LabChris' post about his recent trip to the beach with Smiley made me think of this. Chris mentioned he uses "lost" as one of his commands, I thought that was an unusual. (I asked him about that in his thread.)
Anyway, what that brought to mind was something I did with Paddy when he was around 2-3 years old. By that age, of course, he knew and responded appropriately to the long list of "where is your (name the object)". He would trot off and retrieve the named object.
One day he was sitting in front of me. I said, "Where's Paddy?" That poor guy quickly looked left, then looked right, then stood up and, with a worried and furrowed brow and eyes pleading with me like "I don't know what to do!", I quickly changed the command. "Sorry, Pad! Where's your baby?" Off he went to retrieve his Koala.
I felt horrible for what I had asked him to do. I never did that again.
Seamus and Flynn
That's funny. I can almost picture the expression on his sweet face.
When Cammy and I went for walks, I would say "Street" and she would heel, until we crossed an intersection. I would say "O.K." and she knew she could go on ahead of me on her flexy. I also would say "This way", and she would curve around any post, tree, or whatever was there and would get hung up around it....sorta like weaving in agility.
When I was young I had a rescued Doberman. The command "attack" released him to go lick people! It was funny in my early twenties. I'm pretty horrified about it now.
Poor wee guy. I know that look.
I will start to say I think I will go and ..( go for him means go for a walk,go in the car, or whatever go...and see Erns head tilt and ears go up waiting for the next magic word.l quickly realise he will get excited. I don't want to take him so say "around and about" which doesn't mean a thing.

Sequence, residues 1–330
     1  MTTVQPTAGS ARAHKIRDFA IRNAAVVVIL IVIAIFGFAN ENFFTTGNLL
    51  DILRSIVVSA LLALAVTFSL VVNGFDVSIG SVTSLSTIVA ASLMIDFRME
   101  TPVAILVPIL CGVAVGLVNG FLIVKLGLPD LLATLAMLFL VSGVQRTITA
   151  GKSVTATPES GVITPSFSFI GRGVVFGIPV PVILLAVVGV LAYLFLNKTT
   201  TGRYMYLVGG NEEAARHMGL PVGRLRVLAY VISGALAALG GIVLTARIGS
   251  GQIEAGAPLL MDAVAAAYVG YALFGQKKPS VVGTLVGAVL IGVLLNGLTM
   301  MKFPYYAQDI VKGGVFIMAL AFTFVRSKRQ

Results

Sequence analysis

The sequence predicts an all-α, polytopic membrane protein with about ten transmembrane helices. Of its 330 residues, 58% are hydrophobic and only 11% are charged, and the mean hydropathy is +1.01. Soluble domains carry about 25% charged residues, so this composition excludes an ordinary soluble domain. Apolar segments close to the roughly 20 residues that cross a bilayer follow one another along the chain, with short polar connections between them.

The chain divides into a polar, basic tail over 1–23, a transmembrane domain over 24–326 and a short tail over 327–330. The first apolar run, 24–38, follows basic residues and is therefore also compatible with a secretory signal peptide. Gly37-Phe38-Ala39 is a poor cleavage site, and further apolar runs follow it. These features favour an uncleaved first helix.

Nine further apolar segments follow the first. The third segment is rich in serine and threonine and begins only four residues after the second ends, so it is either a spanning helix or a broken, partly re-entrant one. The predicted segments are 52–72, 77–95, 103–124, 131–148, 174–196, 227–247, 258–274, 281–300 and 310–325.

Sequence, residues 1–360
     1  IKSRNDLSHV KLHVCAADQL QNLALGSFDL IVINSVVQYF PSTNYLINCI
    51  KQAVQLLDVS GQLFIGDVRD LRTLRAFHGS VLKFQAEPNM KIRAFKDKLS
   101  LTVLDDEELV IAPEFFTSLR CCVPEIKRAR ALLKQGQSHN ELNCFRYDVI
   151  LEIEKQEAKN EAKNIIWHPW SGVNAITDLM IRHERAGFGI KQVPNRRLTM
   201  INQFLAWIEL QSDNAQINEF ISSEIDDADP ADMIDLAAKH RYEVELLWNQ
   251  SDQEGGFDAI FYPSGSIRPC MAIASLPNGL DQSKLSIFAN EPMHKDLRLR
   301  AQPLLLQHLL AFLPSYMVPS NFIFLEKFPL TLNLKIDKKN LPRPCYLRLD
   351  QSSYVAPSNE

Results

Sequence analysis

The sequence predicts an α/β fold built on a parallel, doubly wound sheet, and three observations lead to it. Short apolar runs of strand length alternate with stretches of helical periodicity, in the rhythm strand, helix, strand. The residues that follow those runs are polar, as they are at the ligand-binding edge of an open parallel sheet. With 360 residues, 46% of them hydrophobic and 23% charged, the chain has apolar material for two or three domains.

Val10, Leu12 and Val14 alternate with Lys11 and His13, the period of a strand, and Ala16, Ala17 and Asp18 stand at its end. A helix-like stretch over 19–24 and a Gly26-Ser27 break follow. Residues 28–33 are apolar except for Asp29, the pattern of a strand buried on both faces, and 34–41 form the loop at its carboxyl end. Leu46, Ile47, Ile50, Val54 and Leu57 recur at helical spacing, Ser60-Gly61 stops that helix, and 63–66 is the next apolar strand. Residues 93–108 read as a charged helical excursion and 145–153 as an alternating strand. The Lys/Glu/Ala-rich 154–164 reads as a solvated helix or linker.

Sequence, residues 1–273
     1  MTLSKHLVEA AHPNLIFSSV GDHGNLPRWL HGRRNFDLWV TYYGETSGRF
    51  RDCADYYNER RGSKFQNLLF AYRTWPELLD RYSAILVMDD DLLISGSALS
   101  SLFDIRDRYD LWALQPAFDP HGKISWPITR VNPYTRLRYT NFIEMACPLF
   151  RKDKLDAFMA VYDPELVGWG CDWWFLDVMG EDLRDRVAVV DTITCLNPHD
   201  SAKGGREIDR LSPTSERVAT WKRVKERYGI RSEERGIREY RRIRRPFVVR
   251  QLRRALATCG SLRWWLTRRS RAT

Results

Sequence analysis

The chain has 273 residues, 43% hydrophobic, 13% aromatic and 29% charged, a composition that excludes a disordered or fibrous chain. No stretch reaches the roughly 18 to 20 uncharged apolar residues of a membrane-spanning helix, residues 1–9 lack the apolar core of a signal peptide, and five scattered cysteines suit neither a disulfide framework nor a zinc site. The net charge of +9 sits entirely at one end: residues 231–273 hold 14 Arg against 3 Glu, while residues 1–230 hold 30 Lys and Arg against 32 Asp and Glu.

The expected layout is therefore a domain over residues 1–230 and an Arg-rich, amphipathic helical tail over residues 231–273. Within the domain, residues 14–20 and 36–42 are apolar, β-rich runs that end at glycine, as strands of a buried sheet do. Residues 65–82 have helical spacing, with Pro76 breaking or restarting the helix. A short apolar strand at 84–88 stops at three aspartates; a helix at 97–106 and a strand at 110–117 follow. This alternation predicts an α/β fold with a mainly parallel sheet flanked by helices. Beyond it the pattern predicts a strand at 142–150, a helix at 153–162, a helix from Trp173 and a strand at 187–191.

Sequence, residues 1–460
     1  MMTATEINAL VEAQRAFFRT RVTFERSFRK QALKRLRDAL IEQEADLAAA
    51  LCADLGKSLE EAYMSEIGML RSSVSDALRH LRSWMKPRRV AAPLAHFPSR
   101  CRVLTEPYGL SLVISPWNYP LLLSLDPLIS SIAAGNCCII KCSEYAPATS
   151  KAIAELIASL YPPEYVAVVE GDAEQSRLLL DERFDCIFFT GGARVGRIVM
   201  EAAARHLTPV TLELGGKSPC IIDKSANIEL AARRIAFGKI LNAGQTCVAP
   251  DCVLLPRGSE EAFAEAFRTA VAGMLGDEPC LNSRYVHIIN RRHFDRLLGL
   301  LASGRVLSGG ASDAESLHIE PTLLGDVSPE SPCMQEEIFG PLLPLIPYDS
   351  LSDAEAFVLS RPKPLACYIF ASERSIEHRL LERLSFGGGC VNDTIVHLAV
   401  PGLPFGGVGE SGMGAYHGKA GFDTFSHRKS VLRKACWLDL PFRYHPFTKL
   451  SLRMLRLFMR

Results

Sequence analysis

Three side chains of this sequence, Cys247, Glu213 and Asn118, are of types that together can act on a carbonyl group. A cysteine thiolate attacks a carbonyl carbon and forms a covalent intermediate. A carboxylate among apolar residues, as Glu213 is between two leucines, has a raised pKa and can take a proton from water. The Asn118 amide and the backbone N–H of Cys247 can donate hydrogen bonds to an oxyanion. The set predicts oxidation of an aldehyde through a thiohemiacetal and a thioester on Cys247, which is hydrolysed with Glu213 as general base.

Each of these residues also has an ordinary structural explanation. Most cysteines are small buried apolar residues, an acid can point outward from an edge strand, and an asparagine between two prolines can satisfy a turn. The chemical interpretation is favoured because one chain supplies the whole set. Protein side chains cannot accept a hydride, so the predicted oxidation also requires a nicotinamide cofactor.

I see him confused. He will go to get my slippers, then stop, come back, go to get his collar, and then realise it is that confusing word he isn't sure about as no one has told him what it means. I feel mean and often say....oh ok then...come with me. We will go in the car.
Last edited by kassabella; 08-31-2013 at 09:00 AM.
"This way" and "Right here" are a part of our every day language with Caleb. The one that cracks a lot of people up is "Get paid!" Mostly used when we've finished a Rally course- he heads right to his crate, runs in and turns around waiting for a special treat. I also say it when he's done an exception job helping me at home. Then it will be either a "paycheck" that is in the fridge (those extra special things I have at Rally), or a chew.
"Get paid" and "paycheck" - love those, love the way you use them!
Seamus and Flynn
I tell mine to back up, go around and move over, for some reason my mom thought that was strange and was shocked when they did as told. Mine know that "clean up" means all toys must be returned to their toy box at the end of every day. Maxx knows the difference between bananas and apples, he really likes apples but he LOVES bananas! They both know the names of most of their toys and will bring them on command. I don't think any of these things are amazing or unusual but many friends and family members think they are. I find that unusual!
The story about Paddy was priceless, I can just see the look he gave you! I love hearing stories about Paddy, the love you have for him brings him alive and always makes me smile. He may no longer be with you but you keep his spirit so bright.
Maxx & Emma Jean
Ozzy - 10/16/02 - 06/28/11 - Always in my heart.
Sometimes the hardest part isn't letting go - but learning to start over.
We have the "Let's go" command. It usually means that we start the walk or that we do not care about that dog and just go on. Work very well.
This forum is a Know-it-all forum. Post on your own risk. Beware of being preached by a group of dog owners here.
"Skit" means go get it and stop bringing it back.
"Brace" when in the car and I'm about to slam on the brakes hard or take a curve faster than I meant to. It works for human kids too, and yes, everyone is buckled in (human) or in a crate (dog).
My current dog is more husky with very little lab, so I taught her "gee" (right) and "haw" (left) thinking I might want to (urban) sled her some day.